The Hamilton County Commission on Thursday approved a plan to redraw the county’s political boundaries based on 2010 census figures.
“I just didn’t feel confident with the numbers in the proposed plan,” Fields said after the meeting.
District 3 Commissioner Mitch McClure asked County Attorney Rheubin Taylor if the map would be legally defensible if challenged in court.
“The state thinks that we’ve made a good effort and would be willing to say that,” Taylor said.
Joe Rowe, the NAACP’s first vice president for political affairs, said he would take the map to Nashville to be reviewed by his organization’s attorney before taking a position on it.
Every 10 years, after each U.S. census, the state requires the county to draw new lines based on population shifts and minority concentration. This year’s redistricting plan is due Jan. 1.
Commission Chairman Larry Henry said the county was shooting to keep the districts within 10 percent deviation between the smallest and largest districts.
Fields and Graham’s two districts are now the smallest.
One resident, Stephen Fairley, criticized the redistricting process for not being more transparent.
“We have not seen the maps you guys have voted on,” he said. “I thought we were going to have a public dialogue. You have already voted on a map that has not been shared with the general public.”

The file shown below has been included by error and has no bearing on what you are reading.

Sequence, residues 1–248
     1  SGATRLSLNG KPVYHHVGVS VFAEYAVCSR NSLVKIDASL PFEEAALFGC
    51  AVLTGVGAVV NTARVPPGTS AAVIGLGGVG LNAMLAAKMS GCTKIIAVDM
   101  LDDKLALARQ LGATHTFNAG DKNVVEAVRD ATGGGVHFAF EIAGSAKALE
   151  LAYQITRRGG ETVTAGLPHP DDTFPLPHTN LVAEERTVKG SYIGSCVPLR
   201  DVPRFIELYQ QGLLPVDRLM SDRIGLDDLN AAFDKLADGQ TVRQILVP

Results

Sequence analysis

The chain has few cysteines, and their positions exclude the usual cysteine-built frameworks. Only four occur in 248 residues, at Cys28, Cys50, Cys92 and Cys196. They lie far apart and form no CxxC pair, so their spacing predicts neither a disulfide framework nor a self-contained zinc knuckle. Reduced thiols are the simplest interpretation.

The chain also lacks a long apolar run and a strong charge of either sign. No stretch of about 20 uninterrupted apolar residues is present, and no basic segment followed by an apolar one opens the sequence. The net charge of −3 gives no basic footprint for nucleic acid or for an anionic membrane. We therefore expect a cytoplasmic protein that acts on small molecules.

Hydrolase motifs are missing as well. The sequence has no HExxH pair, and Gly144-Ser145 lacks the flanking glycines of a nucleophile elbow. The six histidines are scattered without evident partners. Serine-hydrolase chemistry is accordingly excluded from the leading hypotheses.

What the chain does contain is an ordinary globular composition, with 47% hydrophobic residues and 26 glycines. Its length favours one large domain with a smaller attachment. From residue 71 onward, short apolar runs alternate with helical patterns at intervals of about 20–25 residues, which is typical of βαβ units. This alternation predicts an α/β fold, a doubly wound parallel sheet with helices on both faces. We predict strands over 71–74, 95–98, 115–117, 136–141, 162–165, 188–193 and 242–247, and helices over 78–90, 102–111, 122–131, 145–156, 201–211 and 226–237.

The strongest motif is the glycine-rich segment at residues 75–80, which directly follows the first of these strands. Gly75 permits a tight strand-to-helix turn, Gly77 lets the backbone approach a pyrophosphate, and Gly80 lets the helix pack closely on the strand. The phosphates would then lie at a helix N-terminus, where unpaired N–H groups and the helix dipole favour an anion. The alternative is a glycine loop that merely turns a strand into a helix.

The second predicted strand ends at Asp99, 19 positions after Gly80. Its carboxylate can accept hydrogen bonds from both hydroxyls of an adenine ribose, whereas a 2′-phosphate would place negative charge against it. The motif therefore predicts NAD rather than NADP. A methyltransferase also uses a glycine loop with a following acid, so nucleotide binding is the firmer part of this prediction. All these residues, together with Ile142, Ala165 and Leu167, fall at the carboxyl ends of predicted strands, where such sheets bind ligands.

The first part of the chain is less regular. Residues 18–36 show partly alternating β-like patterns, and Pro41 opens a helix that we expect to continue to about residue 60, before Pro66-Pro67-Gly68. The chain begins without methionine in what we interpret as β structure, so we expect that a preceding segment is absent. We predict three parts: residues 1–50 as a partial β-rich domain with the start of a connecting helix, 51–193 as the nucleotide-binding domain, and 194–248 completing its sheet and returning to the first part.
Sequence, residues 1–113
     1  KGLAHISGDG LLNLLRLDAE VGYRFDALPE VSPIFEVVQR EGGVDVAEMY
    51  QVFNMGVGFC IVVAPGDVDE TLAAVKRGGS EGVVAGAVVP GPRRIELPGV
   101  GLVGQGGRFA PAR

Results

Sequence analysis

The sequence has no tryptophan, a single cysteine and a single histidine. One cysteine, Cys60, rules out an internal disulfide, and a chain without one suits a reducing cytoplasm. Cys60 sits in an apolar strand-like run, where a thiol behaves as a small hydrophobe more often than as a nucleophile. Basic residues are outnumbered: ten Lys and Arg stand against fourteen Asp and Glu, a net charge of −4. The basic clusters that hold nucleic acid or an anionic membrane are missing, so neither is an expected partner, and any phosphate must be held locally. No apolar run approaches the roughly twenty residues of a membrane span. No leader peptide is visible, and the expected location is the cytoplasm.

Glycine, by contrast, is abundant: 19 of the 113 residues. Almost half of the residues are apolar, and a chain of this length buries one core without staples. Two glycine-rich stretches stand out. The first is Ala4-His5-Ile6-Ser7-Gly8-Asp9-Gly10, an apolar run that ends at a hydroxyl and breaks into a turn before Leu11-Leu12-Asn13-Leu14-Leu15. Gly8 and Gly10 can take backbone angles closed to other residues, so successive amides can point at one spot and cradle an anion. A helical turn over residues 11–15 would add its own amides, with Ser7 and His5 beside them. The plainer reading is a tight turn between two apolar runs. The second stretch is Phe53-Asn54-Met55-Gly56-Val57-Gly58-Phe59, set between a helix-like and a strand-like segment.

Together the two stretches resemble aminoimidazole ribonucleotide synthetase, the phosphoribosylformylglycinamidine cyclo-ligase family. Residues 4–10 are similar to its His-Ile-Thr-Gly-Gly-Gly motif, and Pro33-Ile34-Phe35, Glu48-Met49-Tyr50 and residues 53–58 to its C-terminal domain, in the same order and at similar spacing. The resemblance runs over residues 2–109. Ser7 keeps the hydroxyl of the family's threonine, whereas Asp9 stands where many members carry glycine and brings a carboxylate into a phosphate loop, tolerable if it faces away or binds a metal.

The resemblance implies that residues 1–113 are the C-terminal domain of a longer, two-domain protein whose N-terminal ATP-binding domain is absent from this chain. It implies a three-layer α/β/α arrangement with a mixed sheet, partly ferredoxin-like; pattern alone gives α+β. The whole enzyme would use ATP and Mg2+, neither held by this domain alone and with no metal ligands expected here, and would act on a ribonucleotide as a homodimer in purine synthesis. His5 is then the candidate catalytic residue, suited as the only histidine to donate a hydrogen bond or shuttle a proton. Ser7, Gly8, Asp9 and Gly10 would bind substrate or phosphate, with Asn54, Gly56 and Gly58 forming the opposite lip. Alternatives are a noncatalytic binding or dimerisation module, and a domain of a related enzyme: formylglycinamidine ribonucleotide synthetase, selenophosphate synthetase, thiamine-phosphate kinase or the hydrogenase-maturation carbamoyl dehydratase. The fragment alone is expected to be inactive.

Fairley asked commissioners to reconsider the matter and said he had called the state comptroller’s office to ask about the process. Officials in Nashville told him something different than they had Taylor, he said.
“I don’t think the way that this was handled will withstand the test of judicial review,” he said. “I don’t know how you can say that you’ve met the letter of the law.”
Henry said he wishes Fairley had called him earlier.
“I’ve tried to conduct it just as publicly as I could,” Henry said.
Ansley Haman covers Hamilton County government. A native of Spring City, Tenn., she grew up reading the Chattanooga Times and Chattanooga Free Press, which sparked her passion for journalism. Ansley's happy to be home after a decade of adventures in more than 20 countries and 40 states. She gathered stories while living, working and studying in Swansea, Wales, Cape Town, South Africa, Washington, D.C., Atlanta, Ga., and Knoxville, Tenn. Along the way, she interned for ...